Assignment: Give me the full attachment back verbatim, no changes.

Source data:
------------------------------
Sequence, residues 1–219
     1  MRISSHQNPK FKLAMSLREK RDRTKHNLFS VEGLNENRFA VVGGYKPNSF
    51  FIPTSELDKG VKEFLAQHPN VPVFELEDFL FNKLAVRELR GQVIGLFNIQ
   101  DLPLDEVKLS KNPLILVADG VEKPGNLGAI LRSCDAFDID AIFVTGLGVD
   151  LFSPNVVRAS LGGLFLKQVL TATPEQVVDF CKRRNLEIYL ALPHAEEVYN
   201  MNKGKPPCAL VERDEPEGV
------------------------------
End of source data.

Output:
Sequence, residues 1–219
     1  MRISSHQNPK FKLAMSLREK RDRTKHNLFS VEGLNENRFA VVGGYKPNSF
    51  FIPTSELDKG VKEFLAQHPN VPVFELEDFL FNKLAVRELR GQVIGLFNIQ
   101  DLPLDEVKLS KNPLILVADG VEKPGNLGAI LRSCDAFDID AIFVTGLGVD
   151  LFSPNVVRAS LGGLFLKQVL TATPEQVVDF CKRRNLEIYL ALPHAEEVYN
   201  MNKGKPPCAL VERDEPEGV